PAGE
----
Many more of us have come to realise just how vital our local green spaces such as parks and woodlands can be for our health and wellbeing, and for our sense of belonging. We know that for lots of local groups and citizens our natural environment is growing ever greater in its importance.
The Friends of Caulms Wood in Dewsbury are particularly keen to help young people think about and enjoy nature, learn about the environment and spend more time outdoors. Through our Growing Great Places civic crowdfunding programme, we’re pleased to be able to join local people in pledging our support to a new outdoor classroom in Caulms Wood.
The project will help to connect young citizens to their community and help people to feel proud of where they live. Visitors to the park of all ages will be able to grow their knowledge of the natural environment and make a deeper connection with their local place.
The Friends of Caulms Wood ran their successful Growing Great Places crowdfunding campaign during lockdown, raising almost £3,000 in funding and in-kind support to transform the centre of the park (where there is an existing structure, originally built as a rose garden) into an outdoor classroom. Sleeper benches and a story chair will provide seating for a full class of local school pupils, and there will be gabion cages to retain the walls.
We spoke to project lead Mellisa Dean about how local citizens and organisations have come together to get this idea off the ground, and about the importance of nature for connecting people in an emotive way to their local community.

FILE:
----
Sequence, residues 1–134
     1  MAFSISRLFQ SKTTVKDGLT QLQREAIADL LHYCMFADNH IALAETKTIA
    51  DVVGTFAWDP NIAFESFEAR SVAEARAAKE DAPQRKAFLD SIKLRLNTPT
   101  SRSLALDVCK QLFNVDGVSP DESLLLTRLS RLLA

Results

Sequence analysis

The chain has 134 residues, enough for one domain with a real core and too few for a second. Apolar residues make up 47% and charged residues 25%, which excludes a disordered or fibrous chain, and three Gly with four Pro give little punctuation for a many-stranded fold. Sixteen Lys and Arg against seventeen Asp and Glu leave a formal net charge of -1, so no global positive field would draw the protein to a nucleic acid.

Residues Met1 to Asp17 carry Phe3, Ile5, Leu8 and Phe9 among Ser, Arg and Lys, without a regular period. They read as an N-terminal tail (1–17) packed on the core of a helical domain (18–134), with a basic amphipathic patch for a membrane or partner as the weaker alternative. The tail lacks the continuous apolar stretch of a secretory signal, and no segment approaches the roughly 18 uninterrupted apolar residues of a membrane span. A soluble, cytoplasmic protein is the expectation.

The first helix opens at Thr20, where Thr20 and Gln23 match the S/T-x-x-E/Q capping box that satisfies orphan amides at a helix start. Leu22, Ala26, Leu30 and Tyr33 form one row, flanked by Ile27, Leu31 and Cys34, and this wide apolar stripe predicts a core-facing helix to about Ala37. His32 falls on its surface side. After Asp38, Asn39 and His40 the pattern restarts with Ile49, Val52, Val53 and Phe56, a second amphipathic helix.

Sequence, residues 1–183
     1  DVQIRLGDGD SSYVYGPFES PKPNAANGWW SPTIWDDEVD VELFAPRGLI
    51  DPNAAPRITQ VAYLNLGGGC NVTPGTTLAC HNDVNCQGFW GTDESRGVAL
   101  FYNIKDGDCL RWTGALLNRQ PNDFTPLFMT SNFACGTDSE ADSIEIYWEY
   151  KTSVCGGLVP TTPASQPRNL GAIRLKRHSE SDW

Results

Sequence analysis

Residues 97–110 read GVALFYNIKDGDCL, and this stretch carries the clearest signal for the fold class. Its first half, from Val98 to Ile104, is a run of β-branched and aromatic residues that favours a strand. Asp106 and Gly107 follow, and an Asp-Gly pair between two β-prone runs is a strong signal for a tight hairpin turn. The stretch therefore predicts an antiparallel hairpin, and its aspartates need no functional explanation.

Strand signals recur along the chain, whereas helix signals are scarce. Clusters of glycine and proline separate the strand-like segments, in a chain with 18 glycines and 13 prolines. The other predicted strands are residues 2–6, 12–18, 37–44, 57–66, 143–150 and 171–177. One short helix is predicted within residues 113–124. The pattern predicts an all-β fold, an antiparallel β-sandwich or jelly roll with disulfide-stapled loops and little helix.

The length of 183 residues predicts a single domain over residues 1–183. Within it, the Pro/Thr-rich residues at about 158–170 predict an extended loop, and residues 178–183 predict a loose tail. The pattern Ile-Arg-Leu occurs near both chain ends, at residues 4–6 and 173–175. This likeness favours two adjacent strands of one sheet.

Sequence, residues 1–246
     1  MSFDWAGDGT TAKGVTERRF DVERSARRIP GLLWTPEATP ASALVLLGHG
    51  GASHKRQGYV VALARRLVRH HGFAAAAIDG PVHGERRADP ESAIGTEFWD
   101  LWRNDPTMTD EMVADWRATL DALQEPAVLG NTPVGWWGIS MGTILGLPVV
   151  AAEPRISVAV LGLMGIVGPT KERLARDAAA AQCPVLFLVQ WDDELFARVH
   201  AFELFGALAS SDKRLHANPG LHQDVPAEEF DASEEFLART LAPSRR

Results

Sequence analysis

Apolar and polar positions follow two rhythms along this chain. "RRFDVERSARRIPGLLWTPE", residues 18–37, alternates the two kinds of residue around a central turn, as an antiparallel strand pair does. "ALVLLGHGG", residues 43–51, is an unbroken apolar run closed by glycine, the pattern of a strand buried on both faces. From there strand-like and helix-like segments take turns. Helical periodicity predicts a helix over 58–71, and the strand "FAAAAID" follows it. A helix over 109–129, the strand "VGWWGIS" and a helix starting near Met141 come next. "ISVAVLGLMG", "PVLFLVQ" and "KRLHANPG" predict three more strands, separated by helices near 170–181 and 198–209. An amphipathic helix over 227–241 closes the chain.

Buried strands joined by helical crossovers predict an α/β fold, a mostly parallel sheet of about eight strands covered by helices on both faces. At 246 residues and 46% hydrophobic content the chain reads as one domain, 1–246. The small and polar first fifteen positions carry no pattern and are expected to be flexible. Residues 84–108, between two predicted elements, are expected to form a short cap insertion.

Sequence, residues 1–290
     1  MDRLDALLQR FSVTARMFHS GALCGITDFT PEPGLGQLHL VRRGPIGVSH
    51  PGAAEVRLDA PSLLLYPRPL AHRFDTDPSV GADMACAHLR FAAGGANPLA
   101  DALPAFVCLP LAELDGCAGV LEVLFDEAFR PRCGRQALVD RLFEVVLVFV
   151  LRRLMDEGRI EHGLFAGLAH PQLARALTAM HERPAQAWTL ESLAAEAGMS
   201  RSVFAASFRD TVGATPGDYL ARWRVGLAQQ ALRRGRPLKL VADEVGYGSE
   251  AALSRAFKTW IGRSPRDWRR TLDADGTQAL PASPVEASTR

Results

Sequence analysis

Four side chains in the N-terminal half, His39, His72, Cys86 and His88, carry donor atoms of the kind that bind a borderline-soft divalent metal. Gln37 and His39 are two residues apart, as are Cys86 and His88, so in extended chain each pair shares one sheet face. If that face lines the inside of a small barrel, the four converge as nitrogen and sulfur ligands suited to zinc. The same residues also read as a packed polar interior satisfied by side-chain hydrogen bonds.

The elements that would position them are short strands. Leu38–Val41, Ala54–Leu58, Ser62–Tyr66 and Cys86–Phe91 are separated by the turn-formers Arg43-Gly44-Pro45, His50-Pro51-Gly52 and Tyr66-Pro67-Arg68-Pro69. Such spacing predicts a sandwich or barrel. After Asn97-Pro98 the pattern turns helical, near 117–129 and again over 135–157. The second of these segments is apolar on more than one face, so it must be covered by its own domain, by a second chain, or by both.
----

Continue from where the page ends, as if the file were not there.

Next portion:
“Three local primary schools (Hanging Heaton School, Earlsheaton Infants and Eastborough Junior) will be able to use the outdoor classroom. This will give around 500 children new opportunities for learning about the outdoors, which are currently limited as all of the schools have little or no green space. The local primary schools are enthusiastic about seeing this project come to fruition so they can use the outside classroom space.
“Transformers North have come and not only pledged some money toward the project, but physically tackled some of the massive overgrown bushes. This has been a great help in clearing some initial space. Thanks to a keen group of young volunteers from Manor Croft Academy, we hope to achieve the rest of the clearance work in the next few weeks, before progressing onto installing the sleeper benches.
“The Woodland Trust have pledged 145 new trees for us to plant too. We want local pupils to plant these, but also for each tree to represent a soldier from the local area lost in World War 1. We want the project to help young people learn about their community, its history and to take pride in it as a place that people have given a lot to over generations.
Emotional investment in a place comes through learning about its nature, its past and its people. We hope this project achieves that connection for these young people and that others will benefit in the years to come.”
Growing Great Places is a civic crowdfunding programme from Kirklees Council and our partners Spacehive. The Friends of Caulms Wood received £2,955 in pledges from 25 backers, including £1,500 pledged from Kirklees Council, exceeding their original campaign target. But their story shows how crowdfunding is about far more than raising money. It helps citizens to connect with each other and with local organisations to make our local places even better.
The Friends of Caulms Wood are hoping there are a few more nature lovers out there who see the benefits a project like this will bring to the education of young people at school and other visitors to the park. You can get in touch with them if you’d like to get involved:
Caulms Wood Outdoor Classroom project
Caulms Wood Park website